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Re^2: magic-diamond <> behavior -- WHAT?!

by zwon (Monsignor)
on Oct 27, 2009 at 21:21 UTC ( #803528=note: print w/ replies, xml ) Need Help??


in reply to Re: magic-diamond <> behavior -- WHAT?!
in thread magic-diamond <> behavior -- WHAT?!

Fixed implies broken. This feature is there by design, and predates perl5. I find it useful.

After quick look I've found that pod2html, pl2pm, and prove are vulnerable. And it's hard to assume that their authors didn't know about this "feature". I'm pretty sure that if I spend more time investigating /usr/bin I'll find more. Some of these scripts are run by root, and he may don't even know that they written in Perl, I don't think he checking that there are no files with | or < in their names. So I have only touch the file with the right name in the right place. That's what I call "things are broken".

Isn't it easier to fix scripts that rely on magic open after they stop working, then to fix scripts that work perfectly, except that they could ruin your system.


Comment on Re^2: magic-diamond <> behavior -- WHAT?!
Re^3: magic-diamond <> behavior -- WHAT?!
by JavaFan (Canon) on Oct 27, 2009 at 22:39 UTC
    Wait. You want to protect against a root who runs some-program-he-doesn't-really-know * in a directory with world write access, without looking at the content of the directory?
    Isn't it easier to fix scripts that rely on magic open after they stop working, then to fix scripts that work perfectly, except that they could ruin your system.
    I'd say the person with root access is a way bigger problem to your system than magical open.

      What do you mean by "really know"? Do you saying that before running some program I should review the sources? Are you really always do that? And root access is not a requirement to fall into that trap, ordinary users, who don't even know what Perl is, also can run these scripts.

        What do you mean by "really know"?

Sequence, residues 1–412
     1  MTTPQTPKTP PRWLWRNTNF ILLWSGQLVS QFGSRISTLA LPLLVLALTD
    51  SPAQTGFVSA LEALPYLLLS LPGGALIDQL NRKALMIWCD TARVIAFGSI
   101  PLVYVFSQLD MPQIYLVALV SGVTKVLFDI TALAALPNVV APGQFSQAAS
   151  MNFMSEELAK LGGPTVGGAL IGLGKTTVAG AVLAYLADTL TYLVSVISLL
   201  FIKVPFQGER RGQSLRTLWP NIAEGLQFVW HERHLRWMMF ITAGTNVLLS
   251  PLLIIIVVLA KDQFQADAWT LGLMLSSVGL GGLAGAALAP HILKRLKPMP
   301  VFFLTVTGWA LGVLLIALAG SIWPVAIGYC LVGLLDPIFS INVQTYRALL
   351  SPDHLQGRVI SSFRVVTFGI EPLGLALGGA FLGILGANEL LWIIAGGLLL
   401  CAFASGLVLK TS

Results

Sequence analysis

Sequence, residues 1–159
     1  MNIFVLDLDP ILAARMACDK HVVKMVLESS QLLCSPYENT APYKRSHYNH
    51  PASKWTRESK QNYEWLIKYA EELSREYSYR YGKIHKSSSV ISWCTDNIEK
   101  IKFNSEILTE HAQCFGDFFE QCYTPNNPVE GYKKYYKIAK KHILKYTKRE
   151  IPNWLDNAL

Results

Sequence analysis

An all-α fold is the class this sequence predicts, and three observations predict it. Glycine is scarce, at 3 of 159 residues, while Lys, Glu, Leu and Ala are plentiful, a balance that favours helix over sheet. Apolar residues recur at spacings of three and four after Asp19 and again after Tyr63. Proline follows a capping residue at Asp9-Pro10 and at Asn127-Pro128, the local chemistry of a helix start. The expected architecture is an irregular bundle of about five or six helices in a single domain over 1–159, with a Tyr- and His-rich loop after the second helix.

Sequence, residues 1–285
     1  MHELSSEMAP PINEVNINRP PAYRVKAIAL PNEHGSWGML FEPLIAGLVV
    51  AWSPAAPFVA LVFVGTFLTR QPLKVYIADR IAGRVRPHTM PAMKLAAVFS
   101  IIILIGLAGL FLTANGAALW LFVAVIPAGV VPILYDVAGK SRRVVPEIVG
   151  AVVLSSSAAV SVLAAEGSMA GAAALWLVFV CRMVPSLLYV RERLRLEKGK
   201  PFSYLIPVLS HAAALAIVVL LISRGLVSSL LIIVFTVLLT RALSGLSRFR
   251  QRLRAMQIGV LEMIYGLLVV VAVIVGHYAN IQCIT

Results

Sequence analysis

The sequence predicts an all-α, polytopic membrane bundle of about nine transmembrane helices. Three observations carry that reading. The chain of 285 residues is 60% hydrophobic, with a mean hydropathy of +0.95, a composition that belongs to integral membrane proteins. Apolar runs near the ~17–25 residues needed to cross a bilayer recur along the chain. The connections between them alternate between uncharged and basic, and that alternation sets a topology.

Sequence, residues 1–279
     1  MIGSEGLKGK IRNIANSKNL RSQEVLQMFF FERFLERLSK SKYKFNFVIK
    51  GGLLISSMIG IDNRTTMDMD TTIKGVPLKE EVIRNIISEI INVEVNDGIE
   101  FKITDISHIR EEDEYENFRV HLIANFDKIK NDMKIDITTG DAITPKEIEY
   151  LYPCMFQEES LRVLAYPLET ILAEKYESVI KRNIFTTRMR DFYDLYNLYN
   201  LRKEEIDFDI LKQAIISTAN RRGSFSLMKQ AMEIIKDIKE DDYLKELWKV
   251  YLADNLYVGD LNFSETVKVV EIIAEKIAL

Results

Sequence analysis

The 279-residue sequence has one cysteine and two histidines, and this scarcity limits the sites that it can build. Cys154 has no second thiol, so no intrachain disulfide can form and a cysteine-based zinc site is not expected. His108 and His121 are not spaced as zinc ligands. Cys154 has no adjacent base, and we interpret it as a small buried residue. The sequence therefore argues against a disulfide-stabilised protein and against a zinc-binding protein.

Heh, you introducted this root, not me:
        Some of these scripts are run by root, and he may don't even know that they written in Perl, I don't think he checking that there are no files with | or < in their names.

        And root access is not a requirement to fall into that trap, ordinary users, who don't even know what Perl is, also can run these scripts.
        Running whatever * while not knowing what * expands to or what whatever does is dangerous regardless of the language whatever is written in. Disabling magic open in Perl isn't going to fix the potential problems with this technique.

        It's like saying "let's turn all Toyotas into bumper cars, as there are people crossing the road with their eyes closed". That doesn't make crossing the road with your eyes closed safe - you still get run down by Fords and other cars.

Re^3: magic-diamond <> behavior -- WHAT?!
by Anonymous Monk on Oct 28, 2009 at 00:25 UTC
    You must have an old perl/pod2html :)

    ack "\<ARGV\>" C:\perl\5.10.1\bin\*bat

    ack "\<\>\s*\)" C:\perl\5.10.1\bin\*bat

    C:\perl\5.10.1\bin\brace-compress.bat:59: while ( <> ) { C:\perl\5.10.1\bin\c2ph.bat:488:STAB: while (<>) { C:\perl\5.10.1\bin\dbilogstrip.bat:53:while (<>) { C:\perl\5.10.1\bin\perlbug.bat:994: my $result = scalar(<>); C:\perl\5.10.1\bin\perlthanks.bat:994: my $result = scalar(<>); C:\perl\5.10.1\bin\pl2pm.bat:56:while (<>) { C:\perl\5.10.1\bin\podgrep.bat:51:while (<>) { C:\perl\5.10.1\bin\podtoc.bat:21:while (<>) { C:\perl\5.10.1\bin\ppm.bat:99: last unless defined ($_ = <> ); C:\perl\5.10.1\bin\pstruct.bat:488:STAB: while (<>) { C:\perl\5.10.1\bin\scandeps.bat:45:while (<>) { C:\perl\5.10.1\bin\SOAPsh.bat:29:while (defined($_ = shift || <>)) { C:\perl\5.10.1\bin\splain.bat:451: while (defined (my $error = <>)) + { C:\perl\5.10.1\bin\XMLRPCsh.bat:28:while (defined($_ = shift || <>)) {
      Your 'ack' is wrong on two accounts. First of all, pod2html doesn't do anything more than using a module, and calling a single sub in that. The work is done in ..../lib/5.10.1/Pod/Html.pm.

      But even then, searching for <ARGV> or <>won't reveal much. But this is relevant:

      local(@ARGV) = @_; ... local *POD; unless (@ARGV && $ARGV[0]) { $Podfile = "-" unless $Podfile; # stdin open(POD, "<$Podfile") || die "$0: cannot open $Podfile file for input: $!\n" +; } else { $Podfile = $ARGV[0]; # XXX: might be more filenames *POD = *ARGV; } ... my @poddata = <POD>;
        Huh, my ack is wrong?

        First of all, pod2html doesn't do anything more than using a module

        That is what it does now, it wasn't always a module.

        But even then, searching for <ARGV> or <>won't reveal much. But this is relevant

        It shows magic isn't used.

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